A few months after Utah policymakers created an alternative pathway to teaching that would allow people with no teaching experience to take the helm of classrooms, some state lawmakers are looking to require educators to pass an exam to prove that they can teach before getting a full license.
Senate bill 78, which won unanimous approval from the Utah legislature’s Senate education committee, would compel the state board of education to “establish a teacher pedagogical assessment that is performance based and assesses an individual’s pedagogical skills,” but the bill would leave it up to the board to decide which test is best.
“I think this is a really important step to ensure that every single teacher who steps into a classroom in Utah is a highly effective teacher that can best support our children,” F. Ann Millner, the president of Weber State University in Ogden, Utah, told the newspaper. “It’s kind of interesting we’ve not really had this in place for the teaching profession. We’ve had it on the content side. We’ve not had that on what’s really important, their ability to teach.”
But not everyone is happy about the proposed legislation. The state’s teachers’ union and some education school professors have expressed concern that the bill would create an unequal playing field for teachers certified through traditional teacher preparation programs and those who entered the classroom under the alternative certification plan created last summer. Teachers in traditional programs would be given the test after they completed their training, while alternatively certified teachers would have the benefit of years in the classroom before they had to take the test of teaching skills.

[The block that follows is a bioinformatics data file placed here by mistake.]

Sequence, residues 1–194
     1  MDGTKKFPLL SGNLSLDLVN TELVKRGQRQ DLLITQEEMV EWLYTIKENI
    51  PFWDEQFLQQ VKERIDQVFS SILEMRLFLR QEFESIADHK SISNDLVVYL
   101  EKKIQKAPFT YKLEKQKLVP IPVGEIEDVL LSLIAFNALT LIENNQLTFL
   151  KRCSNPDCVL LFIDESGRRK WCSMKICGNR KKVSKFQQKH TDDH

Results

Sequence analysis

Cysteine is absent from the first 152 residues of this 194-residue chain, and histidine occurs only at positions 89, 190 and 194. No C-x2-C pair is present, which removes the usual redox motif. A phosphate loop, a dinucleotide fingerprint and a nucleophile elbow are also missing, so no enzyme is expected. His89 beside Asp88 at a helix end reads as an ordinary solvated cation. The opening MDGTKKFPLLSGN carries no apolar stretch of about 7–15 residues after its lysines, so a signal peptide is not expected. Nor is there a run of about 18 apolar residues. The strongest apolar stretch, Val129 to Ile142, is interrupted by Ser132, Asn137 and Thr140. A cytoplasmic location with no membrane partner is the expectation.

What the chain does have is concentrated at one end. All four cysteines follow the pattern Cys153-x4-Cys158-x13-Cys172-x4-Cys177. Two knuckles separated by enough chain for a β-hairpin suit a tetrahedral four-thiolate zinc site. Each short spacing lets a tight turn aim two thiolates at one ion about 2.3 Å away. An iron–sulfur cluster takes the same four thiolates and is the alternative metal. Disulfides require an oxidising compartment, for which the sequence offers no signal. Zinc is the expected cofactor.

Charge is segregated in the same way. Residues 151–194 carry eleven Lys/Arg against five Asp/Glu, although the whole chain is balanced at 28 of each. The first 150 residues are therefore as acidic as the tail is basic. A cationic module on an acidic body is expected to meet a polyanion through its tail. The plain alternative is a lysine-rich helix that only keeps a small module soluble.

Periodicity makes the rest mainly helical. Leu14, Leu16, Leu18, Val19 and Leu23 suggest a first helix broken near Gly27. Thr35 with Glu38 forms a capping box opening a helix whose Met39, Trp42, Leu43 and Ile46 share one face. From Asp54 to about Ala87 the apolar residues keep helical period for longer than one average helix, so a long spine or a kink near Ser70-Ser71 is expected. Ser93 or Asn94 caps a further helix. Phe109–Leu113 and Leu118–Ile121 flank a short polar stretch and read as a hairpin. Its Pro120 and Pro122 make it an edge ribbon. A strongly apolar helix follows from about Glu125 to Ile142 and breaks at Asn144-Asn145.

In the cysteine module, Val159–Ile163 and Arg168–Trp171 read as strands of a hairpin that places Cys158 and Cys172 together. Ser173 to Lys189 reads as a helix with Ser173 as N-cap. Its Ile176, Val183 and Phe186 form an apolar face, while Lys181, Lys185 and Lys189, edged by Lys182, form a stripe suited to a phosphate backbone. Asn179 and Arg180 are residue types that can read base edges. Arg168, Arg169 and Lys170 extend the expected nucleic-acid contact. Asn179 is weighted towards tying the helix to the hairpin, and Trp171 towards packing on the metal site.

“One group has to pass an assessment to receive a license ... but another group of teachers has up to two years in a classroom working with students before they must pass an assessment to retain a license. We have concerns about that,” Sara Jones, the government relations director for the Utah Education Association, an affiliate of the National Education Association, told the Deseret News. “If the standard is every educator should be ready to teach on day one, that standard should apply to every educator. We support that standard.”
A version of this news article first appeared in the Teacher Beat blog.